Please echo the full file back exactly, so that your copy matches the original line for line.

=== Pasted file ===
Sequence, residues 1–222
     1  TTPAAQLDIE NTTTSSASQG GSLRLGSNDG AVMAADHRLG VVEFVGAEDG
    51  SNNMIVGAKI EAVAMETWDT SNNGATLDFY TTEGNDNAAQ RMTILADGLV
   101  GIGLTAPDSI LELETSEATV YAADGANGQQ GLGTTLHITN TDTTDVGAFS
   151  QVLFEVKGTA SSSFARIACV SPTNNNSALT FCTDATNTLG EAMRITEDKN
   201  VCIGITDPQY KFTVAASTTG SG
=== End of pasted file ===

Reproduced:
Sequence, residues 1–222
     1  TTPAAQLDIE NTTTSSASQG GSLRLGSNDG AVMAADHRLG VVEFVGAEDG
    51  SNNMIVGAKI EAVAMETWDT SNNGATLDFY TTEGNDNAAQ RMTILADGLV
   101  GIGLTAPDSI LELETSEATV YAADGANGQQ GLGTTLHITN TDTTDVGAFS
   151  QVLFEVKGTA SSSFARIACV SPTNNNSALT FCTDATNTLG EAMRITEDKN
   201  VCIGITDPQY KFTVAASTTG SG